Conor: Well, the supply side, you just kind of wonder to yourselves as investors in silver who are literally in tune with almost every tick of this metal where we search high and low for companies that are even some way investible, which might see themselves being with some kind of find or some kind of an asset that can put itself into production. And they're very, very hard to find. And so you look all over the globe where you're like, "I wonder who's producing all this silver?" And you sit there and go, "Well, the supply side from places like Peru has gone from like 160 million ounces in like 2016, something like that around there. And now it's 100 million ounces. And like places like Australia, which used to produce 80 million ounces, now it produces 35." You just sit there and kind of go like, "Well, where is all this gonna come from?"
And the fact of the matter is you know that supply from just about anywhere in the globe is going lower, but demand is going way, way higher, like, exponentially higher. But here we are where you have these CTAs that are just feeding on one another who short silver, who sell paper silver short, and all on the matter of that the DXY ticked up by a tick, or that the U.S. 10-year rate ticked up by a tick. And so there, inversely, we must sell silver as a result. But the guy who is doing the solar really doesn't care that that's what the last tick was in the DXY, and nor does India care either. They just sit there and wave it in, and take the physical metal and just kind of laugh about it.
Craig: Well, it does set up, again, a situation we've seen in the past, I mean, most recently March of 2020, went in just a global liquidation event as COVID was setting in. COMEX silver went to 12-something, right? But you couldn't buy it anywhere for less than 25.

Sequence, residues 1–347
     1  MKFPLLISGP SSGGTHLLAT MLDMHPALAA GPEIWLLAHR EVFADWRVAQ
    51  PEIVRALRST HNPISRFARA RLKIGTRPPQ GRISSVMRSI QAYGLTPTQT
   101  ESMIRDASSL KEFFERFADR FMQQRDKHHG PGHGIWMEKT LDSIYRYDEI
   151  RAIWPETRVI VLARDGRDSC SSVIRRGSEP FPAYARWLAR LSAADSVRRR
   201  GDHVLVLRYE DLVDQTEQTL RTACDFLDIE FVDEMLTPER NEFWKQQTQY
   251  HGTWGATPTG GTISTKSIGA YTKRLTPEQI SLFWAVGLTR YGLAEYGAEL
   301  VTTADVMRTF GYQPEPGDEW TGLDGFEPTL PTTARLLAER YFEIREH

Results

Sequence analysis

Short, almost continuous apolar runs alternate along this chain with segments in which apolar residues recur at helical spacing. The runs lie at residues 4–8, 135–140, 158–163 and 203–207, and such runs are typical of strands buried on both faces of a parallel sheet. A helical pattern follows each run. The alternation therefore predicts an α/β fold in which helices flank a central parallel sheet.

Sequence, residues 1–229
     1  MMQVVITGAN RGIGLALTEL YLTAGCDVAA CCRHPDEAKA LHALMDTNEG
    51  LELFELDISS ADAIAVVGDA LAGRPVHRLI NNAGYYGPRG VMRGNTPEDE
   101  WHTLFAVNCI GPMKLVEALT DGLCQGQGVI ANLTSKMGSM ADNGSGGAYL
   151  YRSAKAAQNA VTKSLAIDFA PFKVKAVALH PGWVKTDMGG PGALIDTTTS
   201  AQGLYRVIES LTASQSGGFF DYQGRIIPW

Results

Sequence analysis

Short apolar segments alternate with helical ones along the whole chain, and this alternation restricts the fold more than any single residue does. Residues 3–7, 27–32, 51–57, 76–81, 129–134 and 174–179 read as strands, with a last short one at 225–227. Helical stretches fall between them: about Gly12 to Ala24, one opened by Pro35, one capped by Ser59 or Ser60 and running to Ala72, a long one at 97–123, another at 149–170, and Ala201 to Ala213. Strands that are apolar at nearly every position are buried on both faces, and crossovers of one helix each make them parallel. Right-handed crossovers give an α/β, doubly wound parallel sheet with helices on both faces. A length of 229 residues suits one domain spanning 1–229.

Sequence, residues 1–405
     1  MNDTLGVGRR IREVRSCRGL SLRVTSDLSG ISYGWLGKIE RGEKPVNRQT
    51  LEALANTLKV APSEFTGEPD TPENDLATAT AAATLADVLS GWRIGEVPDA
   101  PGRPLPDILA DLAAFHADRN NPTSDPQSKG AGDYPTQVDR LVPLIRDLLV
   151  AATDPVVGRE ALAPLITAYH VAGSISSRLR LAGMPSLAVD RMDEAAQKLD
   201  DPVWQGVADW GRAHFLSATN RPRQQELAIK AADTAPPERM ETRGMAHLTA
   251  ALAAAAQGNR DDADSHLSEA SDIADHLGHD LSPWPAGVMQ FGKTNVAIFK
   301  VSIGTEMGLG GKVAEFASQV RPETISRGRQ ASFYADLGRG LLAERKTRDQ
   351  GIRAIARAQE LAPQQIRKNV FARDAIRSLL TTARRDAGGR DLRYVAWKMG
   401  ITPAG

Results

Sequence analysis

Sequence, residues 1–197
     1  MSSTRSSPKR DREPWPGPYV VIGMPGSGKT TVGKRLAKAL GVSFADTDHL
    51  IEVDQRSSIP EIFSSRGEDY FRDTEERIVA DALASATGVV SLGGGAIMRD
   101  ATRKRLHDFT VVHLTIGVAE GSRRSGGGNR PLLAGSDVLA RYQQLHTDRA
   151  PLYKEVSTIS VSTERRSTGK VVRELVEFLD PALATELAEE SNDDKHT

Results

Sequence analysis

Craig: And eventually you had this correction, that bifurcation is not allowed. I would imagine you think that's probably where we're headed again.
Conor: Yeah. We had a lot of people short covering their paper at those prices, didn't we?
Craig: Yep, that's right.
Conor: I don't know whether or not they're waiting for another, like, capitulatory type of event, but it doesn't really seem to be coming from the retail side anytime soon, nor from India, nor from solar. And when the supply and demand dynamics are kind of like what they already are, like, we don't really know what people are waiting around for. I mean, if all of a sudden you get some kind of Fed, let's just use that word, pivot that everybody's hoping for, I mean, it's tough to do in the face of inflation where it's like somewhere between 6% and 10%.
It's tough for them not to kind of keep that whole momentum going or that kind of Fed speak about it. But if you ever get something like that, which the market's kind of trying to sense where the dollar again is flat today and is down for whatever, three or four of the last five days, and all of a sudden the U.S. 10 year is now below 4%, I mean, the market might be telling you something.
Craig: Right. Well, let me ask you that, that'd be the second thing, the other item I wanted to ask you about as we wrap up October. Because we've all been looking for that Fed pivot. Heck, I was writing about it back in January. And I thought it would come by summer because I thought all it would take would be a 20% drop in the S&P. And that did not prove correctly, they keep on going.
Conor: Yeah, right.
Craig: However, we might look back at October as the month when the gears started to shift a little bit.
Craig: We had this situation in the UK, but even just yesterday, your...I'm gonna call it your Bank of Canada, Conor.
Conor: Yes, please do.
Craig: Your friends at the Bank of Canada didn't hike as much as everybody's expected. What do you make of all that?
Conor: I think that when you see new home sales for September, and this is, like, a new home from a developer for the month of September in Toronto with 6 million people as a population that they sold 45 houses, 45.